GYM IT TO WIN IT

Show­time. Lad­ders smash; bod­ies slam; fights start – in the ring and out. One by one, women I’ve met back­stage stride into the spot­light and crush it. Within min­utes, I be­gin to un­der­stand what peo­ple have been say­ing to me all day: wrestling is the­atre. And, like the­atre, just be­cause the play­ers know the script, watching the drama play out is no less thrilling for it. Rhia scales the metal cage and throws her­self off into the ring. Mil­lie clam­bers on to the ropes and flips her­self off them. These are crowd­pleas­ing moves aligned with their good-guy per­sonas. The bad­dies gurn, trap op­po­nents’ heads be­tween their thighs and at­tempt chokes when the ref isn’t look­ing. The au­di­ence re­sponds like a du­ti­ful pan­tomime crowd. Watching them bat­ter each other, I re­alise how rare it is to see fe­male ag­gres­sion cel­e­brated; to see fem­i­nin­ity and force, flesh and fury not ‘on dis­play’, but in ac­tion. ‘It’s so re­ward­ing to see a woman own a ring when I know that, six months ago, she was scared to get near it.’ This is wrestler­turned-coach Greg Bur­ridge, who trains a num­ber of the women wrestling tonight. To get ring-ready, they com­bine sport­spe­cific train­ing with more fa­mil­iar car­dio and strength ex­er­cise ses­sions. Paige is in her lo­cal gym four times a week – sprint­ing on the tread­mill, jump­ing off plyo boxes and bang­ing out dead­lifts.

Their ath­leti­cism is cap­ti­vat­ing, but it’s the mental agility I’m in awe of as Yas­min (well, Char­lie) pre­pares to take to the ring for the main event. Back­stage hours ear­lier, she was quiet. I de­tected a hint of im­poster syn­drome. Now, be­hind the cur­tain, she’s ner­vous – mut­ter­ing ‘fuck this’ to her­self and bounc­ing from foot to foot. The crowd are chant­ing her name, and they’re get­ting louder. But as she steps out, met by a roar, it’s clear those nerves have mor­phed into some­thing else en­tirely.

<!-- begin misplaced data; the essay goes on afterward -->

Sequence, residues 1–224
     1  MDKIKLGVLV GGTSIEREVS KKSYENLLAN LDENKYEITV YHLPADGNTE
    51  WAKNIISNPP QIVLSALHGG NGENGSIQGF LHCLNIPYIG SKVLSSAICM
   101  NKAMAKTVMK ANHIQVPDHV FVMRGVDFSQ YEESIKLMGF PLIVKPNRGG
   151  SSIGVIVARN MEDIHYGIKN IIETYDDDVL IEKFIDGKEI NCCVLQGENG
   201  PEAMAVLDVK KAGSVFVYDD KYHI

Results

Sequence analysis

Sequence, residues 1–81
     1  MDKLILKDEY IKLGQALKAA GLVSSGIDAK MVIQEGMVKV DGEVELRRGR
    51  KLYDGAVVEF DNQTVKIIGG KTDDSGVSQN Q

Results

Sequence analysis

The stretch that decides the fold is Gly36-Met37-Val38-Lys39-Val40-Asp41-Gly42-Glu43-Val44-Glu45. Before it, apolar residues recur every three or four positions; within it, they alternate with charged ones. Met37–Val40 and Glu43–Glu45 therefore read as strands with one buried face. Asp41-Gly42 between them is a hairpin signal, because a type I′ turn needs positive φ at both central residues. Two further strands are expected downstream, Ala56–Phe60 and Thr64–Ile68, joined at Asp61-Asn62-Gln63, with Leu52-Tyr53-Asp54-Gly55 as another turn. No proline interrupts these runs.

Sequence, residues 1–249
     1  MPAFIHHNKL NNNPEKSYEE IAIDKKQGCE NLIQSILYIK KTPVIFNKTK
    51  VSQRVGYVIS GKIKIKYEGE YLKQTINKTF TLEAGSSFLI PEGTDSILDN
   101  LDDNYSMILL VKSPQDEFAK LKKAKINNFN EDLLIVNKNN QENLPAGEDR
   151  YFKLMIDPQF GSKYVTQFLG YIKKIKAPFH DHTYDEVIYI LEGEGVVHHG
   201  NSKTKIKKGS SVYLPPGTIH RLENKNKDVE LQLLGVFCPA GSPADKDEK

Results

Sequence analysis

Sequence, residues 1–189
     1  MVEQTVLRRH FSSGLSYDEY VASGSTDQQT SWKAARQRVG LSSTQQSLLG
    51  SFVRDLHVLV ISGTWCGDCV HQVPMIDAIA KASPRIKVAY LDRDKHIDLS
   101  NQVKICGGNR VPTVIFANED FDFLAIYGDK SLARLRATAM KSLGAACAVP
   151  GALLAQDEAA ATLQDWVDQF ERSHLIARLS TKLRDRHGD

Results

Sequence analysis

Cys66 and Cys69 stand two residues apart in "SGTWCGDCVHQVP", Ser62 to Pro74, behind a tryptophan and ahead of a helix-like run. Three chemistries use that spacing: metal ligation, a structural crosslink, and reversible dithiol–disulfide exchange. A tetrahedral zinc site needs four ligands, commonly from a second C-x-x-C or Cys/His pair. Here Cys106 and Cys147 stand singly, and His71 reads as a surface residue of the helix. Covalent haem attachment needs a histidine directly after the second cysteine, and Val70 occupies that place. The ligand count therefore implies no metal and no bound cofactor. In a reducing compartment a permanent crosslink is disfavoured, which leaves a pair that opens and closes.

PULLING NO PUNCHES

The match it­self is a bru­tal brawl. Char­lie is the hero – a fear­less un­der­dog who uses her plat­form to cham­pion LGBTQ+ rights. Her op­po­nent, cur­rent cham­pion Sam­mii Jayne, fo­cuses on force­ful holds be­fit­ting her bad­die sta­tus. I wince as she forces Char­lie, belly-down on the floor, into a po­si­tion I later learn is known as the Fu­ji­wara arm­bar – hook­ing Char­lie’s arm and pulling it back into her body. The at­mos­phere is electric. It peaks when Char­lie climbs a lad­der to the up­per bal­cony. The vol­ume builds; some­one screams; pints spill as fans run round the ring to see if she is ac­tu­ally go­ing to hurl her­self off the bal­cony. She does – flip­ping to land back-first on her ri­val (AKA det­o­nat­ing a ‘swan­ton bomb’) – and peo­ple lose their shit. ‘Oh my days!’ shout the se­cu­rity guards. ‘We’ve never seen any­one do that be­fore.’ It’s not over – Sam­mii pulls a lad­der into the ring and they ex­change blows atop it. Char­lie seizes vic­tory when she forces Sam­mii down from the lad­der on to her head. The ref­eree thumps his fist on the floor – once, twice, three times. Char­lie’s a cham­pion. It isn’t shock or tri­umph writ­ten all over her face, but pure ec­stasy. She did warn me. ‘It’s a bet­ter adrenaline rush than any sub­stance or night out could ever give you. It’s like no other feel­ing... no other feel­ing in the world.’

As Char­lie, cry­ing now, lifts the golden belt above her head, two girls soak­ing up the at­mos­phere from the sec­ond row catch my eye. They can’t be older than six. One is perched on her dad’s shoul­ders in a pink tulle skirt, the other is don­ning a Char­lie Mor­gan tee. Both are punch­ing the air with de­light. If full-scale rev­o­lu­tion didn’t go down in East Lon­don tonight, steps were made in row two.

Above: Lad­der match stars get in the zone Be­low: Kris Wolf tri­als her fin­ish­ing move

Top: Rhia O’reilly dives of f the steel cage Mid­dle: Char­lie Mor­gan talks to Women’s Health

Above lef t: Nina Sa­muels drop­kicks a lad­der into Kasey Owens Be­low: Sell­ing merch

Lef t: That’s called ‘hit­ting a clothes­line’ Right and be­low: Char­lie Mor­gan wins the EVE ti­tle